If getting a mortgage with bad credit is too much of a headache and you have some time to spare before buying a home, strongly consider working to improve your credit score.

Your credit score is calculated by weighing a number of factors. One of the biggest is your credit history, basically how much you have used credit, how reliably you have paid it off, and how much debt you hold. Another factor is your credit utilization, meaning using too large an amount of your total available credit can affect your score.

Some things you can do to improve your credit score

Firstly, pay all your credit bills on time and do your best not to miss any payments. Also, pay down any large credit card debt or other credit debts you may have on your accounts.

Do your best to keep your credit utilization low, ideally less than 30% of your credit limit. Try to keep old accounts open even if you don't use them, as more credit history and a wider mix of credit products can help your score. Also when looking for new credit, try not to make too many hard credit checks on your account, this will present as a red flag to borrowers.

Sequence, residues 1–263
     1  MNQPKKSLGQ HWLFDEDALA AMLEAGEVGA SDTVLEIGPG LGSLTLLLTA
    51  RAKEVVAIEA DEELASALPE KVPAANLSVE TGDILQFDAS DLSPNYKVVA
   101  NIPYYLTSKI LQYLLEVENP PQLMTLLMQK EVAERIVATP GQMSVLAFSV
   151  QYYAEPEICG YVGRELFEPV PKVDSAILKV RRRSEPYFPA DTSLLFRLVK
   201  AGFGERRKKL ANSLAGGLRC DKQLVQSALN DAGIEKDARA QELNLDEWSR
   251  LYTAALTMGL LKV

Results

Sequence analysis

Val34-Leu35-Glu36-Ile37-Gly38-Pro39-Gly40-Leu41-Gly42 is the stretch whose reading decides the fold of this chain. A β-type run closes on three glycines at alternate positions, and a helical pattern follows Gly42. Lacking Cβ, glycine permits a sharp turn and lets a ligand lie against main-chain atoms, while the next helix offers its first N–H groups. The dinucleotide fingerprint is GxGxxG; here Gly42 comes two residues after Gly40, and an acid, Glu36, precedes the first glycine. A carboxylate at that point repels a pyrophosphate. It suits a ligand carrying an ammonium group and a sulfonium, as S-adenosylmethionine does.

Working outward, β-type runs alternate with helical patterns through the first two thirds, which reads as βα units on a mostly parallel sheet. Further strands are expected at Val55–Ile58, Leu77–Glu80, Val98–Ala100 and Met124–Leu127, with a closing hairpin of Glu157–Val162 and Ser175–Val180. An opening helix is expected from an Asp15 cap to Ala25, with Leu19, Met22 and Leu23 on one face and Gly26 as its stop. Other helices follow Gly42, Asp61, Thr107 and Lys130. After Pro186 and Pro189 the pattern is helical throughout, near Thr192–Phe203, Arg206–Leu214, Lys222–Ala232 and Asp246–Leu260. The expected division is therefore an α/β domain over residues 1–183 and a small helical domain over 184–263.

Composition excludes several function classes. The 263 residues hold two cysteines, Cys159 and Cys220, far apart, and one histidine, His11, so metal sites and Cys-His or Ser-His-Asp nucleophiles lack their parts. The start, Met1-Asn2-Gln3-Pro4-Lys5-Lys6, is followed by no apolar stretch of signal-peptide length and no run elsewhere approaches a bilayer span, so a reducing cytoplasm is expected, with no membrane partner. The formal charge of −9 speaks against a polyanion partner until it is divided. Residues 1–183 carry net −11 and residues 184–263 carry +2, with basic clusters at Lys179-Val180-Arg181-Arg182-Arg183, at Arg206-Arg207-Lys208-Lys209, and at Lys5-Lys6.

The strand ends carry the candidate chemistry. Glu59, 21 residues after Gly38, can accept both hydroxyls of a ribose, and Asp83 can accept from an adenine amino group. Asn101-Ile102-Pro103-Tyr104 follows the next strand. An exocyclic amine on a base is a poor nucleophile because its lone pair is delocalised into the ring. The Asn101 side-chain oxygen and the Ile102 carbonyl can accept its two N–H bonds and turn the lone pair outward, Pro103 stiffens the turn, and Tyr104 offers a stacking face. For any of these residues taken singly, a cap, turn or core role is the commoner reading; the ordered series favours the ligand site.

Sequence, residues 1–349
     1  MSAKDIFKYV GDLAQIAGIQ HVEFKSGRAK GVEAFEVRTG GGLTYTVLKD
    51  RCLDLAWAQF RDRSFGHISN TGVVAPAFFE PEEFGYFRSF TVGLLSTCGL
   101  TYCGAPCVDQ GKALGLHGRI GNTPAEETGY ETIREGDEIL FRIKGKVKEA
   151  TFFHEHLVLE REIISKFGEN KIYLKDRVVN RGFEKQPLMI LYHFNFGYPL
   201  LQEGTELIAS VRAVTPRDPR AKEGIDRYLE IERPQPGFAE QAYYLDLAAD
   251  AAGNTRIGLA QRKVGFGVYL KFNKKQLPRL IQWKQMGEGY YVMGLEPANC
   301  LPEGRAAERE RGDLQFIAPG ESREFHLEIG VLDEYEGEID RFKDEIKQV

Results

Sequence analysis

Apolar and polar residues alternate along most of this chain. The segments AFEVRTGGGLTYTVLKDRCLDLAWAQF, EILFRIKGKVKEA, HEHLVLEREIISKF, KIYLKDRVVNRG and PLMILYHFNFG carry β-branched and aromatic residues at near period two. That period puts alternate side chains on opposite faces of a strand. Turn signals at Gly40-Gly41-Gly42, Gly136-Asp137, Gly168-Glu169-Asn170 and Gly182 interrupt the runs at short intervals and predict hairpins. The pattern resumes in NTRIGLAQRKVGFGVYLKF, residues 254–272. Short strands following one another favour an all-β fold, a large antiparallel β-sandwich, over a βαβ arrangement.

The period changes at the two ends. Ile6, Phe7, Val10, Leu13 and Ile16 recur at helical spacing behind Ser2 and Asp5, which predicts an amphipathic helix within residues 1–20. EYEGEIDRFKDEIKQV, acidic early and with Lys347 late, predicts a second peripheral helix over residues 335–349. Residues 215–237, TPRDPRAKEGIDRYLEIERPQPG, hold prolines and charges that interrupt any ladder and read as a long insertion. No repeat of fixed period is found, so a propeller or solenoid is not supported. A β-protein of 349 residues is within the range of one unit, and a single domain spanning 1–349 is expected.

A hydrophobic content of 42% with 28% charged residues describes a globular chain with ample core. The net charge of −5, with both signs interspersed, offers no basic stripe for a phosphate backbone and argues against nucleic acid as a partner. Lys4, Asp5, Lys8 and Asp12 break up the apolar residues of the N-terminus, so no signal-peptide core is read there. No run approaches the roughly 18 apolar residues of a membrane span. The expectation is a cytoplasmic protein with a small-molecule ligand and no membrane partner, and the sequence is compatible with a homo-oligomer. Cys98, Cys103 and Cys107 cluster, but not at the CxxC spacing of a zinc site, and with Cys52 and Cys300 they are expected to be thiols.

Be patient and check your reports

One of the biggest aspects of improving your credit score is time. None of these changes will make your credit score improve overnight, but with consistent good credit habits, your score should start to increase. Be sure to monitor your credit report closely to catch any errors that could be making your credit worse than it should be.


Overall we would have to recommend improving your credit score as the best option for someone with a low credit score looking to get a mortgage. It may take some work, but so will the other options available to you.

The main issue with your other options for a bad credit mortgage is that you will end up spending way more money on unfavourable interest rates, a high down payment, broker fees, or a combination of all of these. However, if you don't have time to wait, and think you have the money to spare, they are legitimate options for someone in that position.